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Need for rethinking of the Hungarian fiscal and monetary policy

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  • Kerényi, Ádám
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    Abstract

    In October 2008 the main Hungarian public finance actors: the government, the National Bank of Hungary (MNB) and experts cited the high public debt and volume of unsecured foreign-currency loans as the main reasons for the economy’s vulnerability. On the other hand according to the formal president of the MNB the first and foremost it was the inadequate level of foreign exchange reserves that made Hungary among the first to request outside assistance, in the form of international credit just after the Lehman bankruptcy. That critical time the MNB was only partially able to fulfil its role as the ‘lender of last resort’, and the Treasury was not able at all to conduct an anti-cyclical keynesian fiscal policy due to the previous fiscal years when the government lost its international creditworthiness. Hungarian Treasury (NGM) in November 2011 – three years later than the previous package – requested again outside assistance, in the form of international credit or insurance from the Monetary Fund and European authorities. A rethinking of fiscal and monetary policy, and the comprehensive restructuring of the Hungarian economic-policy mix, are essential in the interests of avoiding the following stops and goes periods and of halting the social and economic disintegration of the country. Instead of good governance Hungary needs co-governance between the fiscal and monetary policy. The Fiscal Council might be a very useful institution to help and moderate this process with its new president. A Lucasian regime change is expected in the Hungarian economy.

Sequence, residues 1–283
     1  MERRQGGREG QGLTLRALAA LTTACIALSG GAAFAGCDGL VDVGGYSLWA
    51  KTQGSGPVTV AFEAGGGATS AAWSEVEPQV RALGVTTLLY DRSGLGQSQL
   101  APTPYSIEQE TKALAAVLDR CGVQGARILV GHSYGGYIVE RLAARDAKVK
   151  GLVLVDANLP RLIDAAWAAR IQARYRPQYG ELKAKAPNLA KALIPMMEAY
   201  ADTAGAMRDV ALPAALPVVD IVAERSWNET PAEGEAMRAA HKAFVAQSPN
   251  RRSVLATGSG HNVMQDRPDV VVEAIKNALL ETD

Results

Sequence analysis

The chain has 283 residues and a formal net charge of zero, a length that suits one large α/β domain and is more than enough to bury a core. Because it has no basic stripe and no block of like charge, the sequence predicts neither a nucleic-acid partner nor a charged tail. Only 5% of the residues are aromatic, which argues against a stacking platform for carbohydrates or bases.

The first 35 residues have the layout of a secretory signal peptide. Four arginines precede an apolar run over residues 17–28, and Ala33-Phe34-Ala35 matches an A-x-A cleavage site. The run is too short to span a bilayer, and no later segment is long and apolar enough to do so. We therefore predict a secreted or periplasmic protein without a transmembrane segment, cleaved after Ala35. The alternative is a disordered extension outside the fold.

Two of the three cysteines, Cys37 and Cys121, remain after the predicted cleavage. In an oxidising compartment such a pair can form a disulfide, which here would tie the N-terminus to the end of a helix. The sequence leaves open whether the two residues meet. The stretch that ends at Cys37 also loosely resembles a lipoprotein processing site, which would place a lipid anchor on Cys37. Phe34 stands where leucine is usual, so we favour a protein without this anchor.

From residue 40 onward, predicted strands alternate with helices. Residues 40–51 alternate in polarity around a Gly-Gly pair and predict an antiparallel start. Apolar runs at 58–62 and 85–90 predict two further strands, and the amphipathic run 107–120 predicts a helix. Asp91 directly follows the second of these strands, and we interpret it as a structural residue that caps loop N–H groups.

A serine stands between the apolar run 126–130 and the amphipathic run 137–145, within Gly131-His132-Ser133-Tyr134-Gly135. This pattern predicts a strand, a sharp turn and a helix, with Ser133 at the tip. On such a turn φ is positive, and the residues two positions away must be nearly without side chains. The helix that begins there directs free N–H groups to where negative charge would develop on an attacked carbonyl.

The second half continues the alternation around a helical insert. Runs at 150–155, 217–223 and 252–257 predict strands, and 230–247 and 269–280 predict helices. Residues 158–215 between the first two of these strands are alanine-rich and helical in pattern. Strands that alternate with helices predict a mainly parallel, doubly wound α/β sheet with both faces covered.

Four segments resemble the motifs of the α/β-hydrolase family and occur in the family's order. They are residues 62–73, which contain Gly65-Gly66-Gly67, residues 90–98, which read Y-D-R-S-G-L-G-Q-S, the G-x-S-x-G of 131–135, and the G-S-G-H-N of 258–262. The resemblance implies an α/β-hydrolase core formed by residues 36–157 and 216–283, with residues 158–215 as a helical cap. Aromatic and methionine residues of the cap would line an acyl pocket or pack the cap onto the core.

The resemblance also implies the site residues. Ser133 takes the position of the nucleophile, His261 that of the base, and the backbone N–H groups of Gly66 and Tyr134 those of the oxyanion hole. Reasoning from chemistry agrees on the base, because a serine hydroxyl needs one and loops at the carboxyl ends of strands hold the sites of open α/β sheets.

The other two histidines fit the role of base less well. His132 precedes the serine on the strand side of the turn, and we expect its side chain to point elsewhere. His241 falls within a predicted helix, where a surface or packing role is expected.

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    Bibliographic Info

    Paper provided by University Library of Munich, Germany in its series MPRA Paper with number 40352.

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    Date of creation: 2012
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    Handle: RePEc:pra:mprapa:40352

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    Keywords: macroeconomic policy; macroeconomic aspects of public finance; fiscal policy; monetary policy;

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    1. George Kopits, 2007. "Fiscal Responsibility Framework: International Experience and Implications for Hungary," MNB Occasional Papers 2007/62, Magyar Nemzeti Bank (the central bank of Hungary).
    2. Magda Kandil & Hanan Morsy, 2014. "Fiscal Stimulus and Credibility in Emerging Countries," Eastern Economic Journal, Palgrave Macmillan, vol. 40(3), pages 420-439, June.
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